In the afternoon, on quirke’s instructions, they brought the body from St. Vincent’s to the city-center Hospital of the Holy Family, where Quirke was waiting to receive it. A recent round of imposed economics at the Holy Family, hotly contested but in vain, had left Quirke with one assistant only, where before there had been two. His had been the task of choosing between young Wilkins the horse-Protestant and the Jew Sinclair. He had plumped for Sinclair, without any clear reason, for the two young men were equally matched in skill or, in some areas, lack of it. But he liked Sinclair, liked his independence and sly humor and the faint surliness of his manner; when Quirke had asked him once where his people hailed from Sinclair had looked him in the eye without expression and said blankly, “Cork.” He had offered not a word of thanks to Quirke for choosing him, and Quirke admired that, too.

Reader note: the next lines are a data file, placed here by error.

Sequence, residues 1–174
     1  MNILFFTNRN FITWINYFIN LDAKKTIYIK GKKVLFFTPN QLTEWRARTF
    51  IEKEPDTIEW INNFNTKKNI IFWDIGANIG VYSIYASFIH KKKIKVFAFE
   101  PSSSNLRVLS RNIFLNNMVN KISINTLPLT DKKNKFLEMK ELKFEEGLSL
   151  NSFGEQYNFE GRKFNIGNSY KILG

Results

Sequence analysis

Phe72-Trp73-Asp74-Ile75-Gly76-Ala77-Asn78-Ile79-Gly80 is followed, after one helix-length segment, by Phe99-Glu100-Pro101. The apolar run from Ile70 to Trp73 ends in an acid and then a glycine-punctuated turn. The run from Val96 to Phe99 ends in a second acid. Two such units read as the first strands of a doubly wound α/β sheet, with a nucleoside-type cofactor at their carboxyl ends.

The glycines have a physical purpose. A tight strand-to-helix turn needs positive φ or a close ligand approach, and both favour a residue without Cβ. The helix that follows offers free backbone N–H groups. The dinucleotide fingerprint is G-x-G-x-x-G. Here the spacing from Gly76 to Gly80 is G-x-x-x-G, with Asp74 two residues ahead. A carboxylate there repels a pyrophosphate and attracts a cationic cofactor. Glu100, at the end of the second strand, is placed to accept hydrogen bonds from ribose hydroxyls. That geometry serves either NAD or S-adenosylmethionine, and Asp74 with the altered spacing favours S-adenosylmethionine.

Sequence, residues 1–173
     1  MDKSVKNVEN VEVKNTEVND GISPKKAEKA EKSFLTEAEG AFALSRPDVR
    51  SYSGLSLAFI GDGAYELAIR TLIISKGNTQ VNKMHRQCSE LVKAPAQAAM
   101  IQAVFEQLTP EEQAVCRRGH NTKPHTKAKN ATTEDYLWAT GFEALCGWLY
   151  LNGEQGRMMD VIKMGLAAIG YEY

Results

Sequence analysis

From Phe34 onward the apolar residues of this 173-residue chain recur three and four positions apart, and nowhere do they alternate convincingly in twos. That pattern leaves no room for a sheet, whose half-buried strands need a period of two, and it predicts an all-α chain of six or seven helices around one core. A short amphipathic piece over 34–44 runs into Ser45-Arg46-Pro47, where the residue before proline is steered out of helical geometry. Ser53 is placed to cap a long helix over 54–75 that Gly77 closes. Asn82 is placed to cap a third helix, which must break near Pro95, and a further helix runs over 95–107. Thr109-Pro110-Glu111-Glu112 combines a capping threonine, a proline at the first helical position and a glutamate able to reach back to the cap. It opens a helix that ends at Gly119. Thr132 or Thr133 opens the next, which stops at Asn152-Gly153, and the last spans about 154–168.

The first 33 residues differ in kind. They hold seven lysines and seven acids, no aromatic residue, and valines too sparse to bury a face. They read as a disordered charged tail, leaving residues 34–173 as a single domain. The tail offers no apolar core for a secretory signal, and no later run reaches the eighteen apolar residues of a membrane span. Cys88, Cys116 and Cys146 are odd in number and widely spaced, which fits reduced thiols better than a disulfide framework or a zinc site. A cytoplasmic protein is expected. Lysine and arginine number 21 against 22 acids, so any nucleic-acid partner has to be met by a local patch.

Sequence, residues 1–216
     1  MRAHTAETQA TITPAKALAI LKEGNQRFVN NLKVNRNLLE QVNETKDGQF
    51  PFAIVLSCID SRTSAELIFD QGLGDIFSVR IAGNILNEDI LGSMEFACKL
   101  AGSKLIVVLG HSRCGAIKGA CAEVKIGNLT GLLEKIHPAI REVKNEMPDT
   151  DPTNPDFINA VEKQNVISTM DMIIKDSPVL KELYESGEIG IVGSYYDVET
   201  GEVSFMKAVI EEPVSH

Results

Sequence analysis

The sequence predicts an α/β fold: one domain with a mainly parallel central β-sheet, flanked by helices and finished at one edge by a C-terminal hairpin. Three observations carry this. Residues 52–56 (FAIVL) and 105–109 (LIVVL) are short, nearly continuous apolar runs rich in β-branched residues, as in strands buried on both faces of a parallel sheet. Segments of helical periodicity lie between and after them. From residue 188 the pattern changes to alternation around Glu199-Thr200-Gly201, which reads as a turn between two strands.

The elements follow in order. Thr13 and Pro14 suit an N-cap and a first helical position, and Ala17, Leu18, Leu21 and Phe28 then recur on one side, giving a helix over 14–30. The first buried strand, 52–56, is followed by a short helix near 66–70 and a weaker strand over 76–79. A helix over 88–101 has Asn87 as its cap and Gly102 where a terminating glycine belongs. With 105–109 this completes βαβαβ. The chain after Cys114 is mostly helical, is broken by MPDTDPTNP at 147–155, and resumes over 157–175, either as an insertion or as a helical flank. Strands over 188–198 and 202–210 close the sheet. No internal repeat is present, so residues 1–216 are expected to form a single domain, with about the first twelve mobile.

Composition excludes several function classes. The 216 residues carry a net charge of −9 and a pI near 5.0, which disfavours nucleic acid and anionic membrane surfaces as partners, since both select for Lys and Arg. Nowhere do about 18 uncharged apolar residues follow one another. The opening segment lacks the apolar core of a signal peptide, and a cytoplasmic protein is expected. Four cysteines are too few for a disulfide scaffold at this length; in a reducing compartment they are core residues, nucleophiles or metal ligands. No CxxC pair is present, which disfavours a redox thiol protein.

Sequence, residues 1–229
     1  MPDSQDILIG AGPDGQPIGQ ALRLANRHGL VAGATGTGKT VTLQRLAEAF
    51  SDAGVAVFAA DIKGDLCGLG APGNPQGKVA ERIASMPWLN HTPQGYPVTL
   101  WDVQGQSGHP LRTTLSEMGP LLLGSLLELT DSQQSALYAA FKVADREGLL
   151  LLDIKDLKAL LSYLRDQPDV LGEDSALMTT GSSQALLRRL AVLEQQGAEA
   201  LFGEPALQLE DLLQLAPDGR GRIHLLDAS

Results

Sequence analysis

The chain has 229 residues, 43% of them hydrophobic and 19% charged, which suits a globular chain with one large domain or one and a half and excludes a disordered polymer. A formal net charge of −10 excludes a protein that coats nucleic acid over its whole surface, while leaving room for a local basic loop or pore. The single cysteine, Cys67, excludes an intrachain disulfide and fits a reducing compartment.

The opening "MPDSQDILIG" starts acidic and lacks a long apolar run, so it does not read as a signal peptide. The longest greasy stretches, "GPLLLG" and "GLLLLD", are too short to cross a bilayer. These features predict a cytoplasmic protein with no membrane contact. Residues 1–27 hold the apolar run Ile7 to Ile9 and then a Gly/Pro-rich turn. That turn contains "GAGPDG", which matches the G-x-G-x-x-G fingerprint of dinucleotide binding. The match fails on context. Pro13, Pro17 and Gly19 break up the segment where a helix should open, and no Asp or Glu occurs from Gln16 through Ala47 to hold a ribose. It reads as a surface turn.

He wondered how far he should take Sinclair into his confidence in the matter of Deirdre Hunt and her husband’s plea that her corpse should be left intact. Sinclair, however, was not a man to make trouble. When Quirke said he would do the postmortem alone—a visual examination would suffice—and that Sinclair might as well take himself off to the canteen for a cup of tea and a cigarette, the young man hesitated for no more than a second, then removed his green gown and rubber boots and sauntered out of the morgue with his hands in his pockets, whistling softly. Quirke turned back and lifted the plastic sheet.